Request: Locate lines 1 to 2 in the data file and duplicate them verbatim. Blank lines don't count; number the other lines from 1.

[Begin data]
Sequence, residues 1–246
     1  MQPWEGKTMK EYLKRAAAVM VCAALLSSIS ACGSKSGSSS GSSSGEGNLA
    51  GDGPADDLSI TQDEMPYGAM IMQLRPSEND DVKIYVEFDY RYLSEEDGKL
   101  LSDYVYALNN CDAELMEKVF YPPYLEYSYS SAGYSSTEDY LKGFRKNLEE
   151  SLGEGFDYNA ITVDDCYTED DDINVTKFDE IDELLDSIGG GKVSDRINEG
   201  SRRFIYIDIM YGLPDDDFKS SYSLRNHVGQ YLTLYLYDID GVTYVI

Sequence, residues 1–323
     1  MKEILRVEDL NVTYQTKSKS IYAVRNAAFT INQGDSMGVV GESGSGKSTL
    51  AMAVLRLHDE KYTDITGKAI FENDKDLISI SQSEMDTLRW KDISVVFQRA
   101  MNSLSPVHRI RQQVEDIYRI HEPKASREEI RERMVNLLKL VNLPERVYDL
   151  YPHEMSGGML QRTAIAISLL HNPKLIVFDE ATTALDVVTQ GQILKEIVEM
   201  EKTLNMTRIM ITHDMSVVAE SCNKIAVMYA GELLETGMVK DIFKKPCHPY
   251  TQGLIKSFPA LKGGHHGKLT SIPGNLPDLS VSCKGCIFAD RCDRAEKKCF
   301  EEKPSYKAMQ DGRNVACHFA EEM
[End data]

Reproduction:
Sequence, residues 1–246
     1  MQPWEGKTMK EYLKRAAAVM VCAALLSSIS ACGSKSGSSS GSSSGEGNLA